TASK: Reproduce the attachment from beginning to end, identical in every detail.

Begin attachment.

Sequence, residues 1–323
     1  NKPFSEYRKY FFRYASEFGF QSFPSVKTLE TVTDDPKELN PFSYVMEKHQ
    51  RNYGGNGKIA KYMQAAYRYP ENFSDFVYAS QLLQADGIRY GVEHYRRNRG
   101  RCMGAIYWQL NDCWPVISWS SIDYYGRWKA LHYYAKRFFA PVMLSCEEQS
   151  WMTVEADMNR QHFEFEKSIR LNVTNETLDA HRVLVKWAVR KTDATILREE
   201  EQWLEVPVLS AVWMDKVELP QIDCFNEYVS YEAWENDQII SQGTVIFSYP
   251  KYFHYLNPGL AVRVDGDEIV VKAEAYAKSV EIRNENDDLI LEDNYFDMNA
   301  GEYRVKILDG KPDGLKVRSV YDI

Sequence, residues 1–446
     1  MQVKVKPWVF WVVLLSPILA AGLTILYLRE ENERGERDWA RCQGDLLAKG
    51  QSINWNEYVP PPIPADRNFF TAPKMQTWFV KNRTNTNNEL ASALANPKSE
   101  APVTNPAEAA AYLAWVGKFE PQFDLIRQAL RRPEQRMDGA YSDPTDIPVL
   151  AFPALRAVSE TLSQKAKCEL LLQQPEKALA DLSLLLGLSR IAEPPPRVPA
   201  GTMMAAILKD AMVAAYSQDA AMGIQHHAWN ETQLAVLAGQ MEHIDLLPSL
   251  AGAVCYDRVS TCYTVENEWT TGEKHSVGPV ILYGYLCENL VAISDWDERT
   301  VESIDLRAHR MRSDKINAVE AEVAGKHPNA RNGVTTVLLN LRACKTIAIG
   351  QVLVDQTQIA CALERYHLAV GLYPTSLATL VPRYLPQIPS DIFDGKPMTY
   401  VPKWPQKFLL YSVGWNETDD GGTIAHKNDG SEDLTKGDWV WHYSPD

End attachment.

Sequence, residues 1–323
     1  NKPFSEYRKY FFRYASEFGF QSFPSVKTLE TVTDDPKELN PFSYVMEKHQ
    51  RNYGGNGKIA KYMQAAYRYP ENFSDFVYAS QLLQADGIRY GVEHYRRNRG
   101  RCMGAIYWQL NDCWPVISWS SIDYYGRWKA LHYYAKRFFA PVMLSCEEQS
   151  WMTVEADMNR QHFEFEKSIR LNVTNETLDA HRVLVKWAVR KTDATILREE
   201  EQWLEVPVLS AVWMDKVELP QIDCFNEYVS YEAWENDQII SQGTVIFSYP
   251  KYFHYLNPGL AVRVDGDEIV VKAEAYAKSV EIRNENDDLI LEDNYFDMNA
   301  GEYRVKILDG KPDGLKVRSV YDI

Sequence, residues 1–446
     1  MQVKVKPWVF WVVLLSPILA AGLTILYLRE ENERGERDWA RCQGDLLAKG
    51  QSINWNEYVP PPIPADRNFF TAPKMQTWFV KNRTNTNNEL ASALANPKSE
   101  APVTNPAEAA AYLAWVGKFE PQFDLIRQAL RRPEQRMDGA YSDPTDIPVL
   151  AFPALRAVSE TLSQKAKCEL LLQQPEKALA DLSLLLGLSR IAEPPPRVPA
   201  GTMMAAILKD AMVAAYSQDA AMGIQHHAWN ETQLAVLAGQ MEHIDLLPSL
   251  AGAVCYDRVS TCYTVENEWT TGEKHSVGPV ILYGYLCENL VAISDWDERT
   301  VESIDLRAHR MRSDKINAVE AEVAGKHPNA RNGVTTVLLN LRACKTIAIG
   351  QVLVDQTQIA CALERYHLAV GLYPTSLATL VPRYLPQIPS DIFDGKPMTY
   401  VPKWPQKFLL YSVGWNETDD GGTIAHKNDG SEDLTKGDWV WHYSPD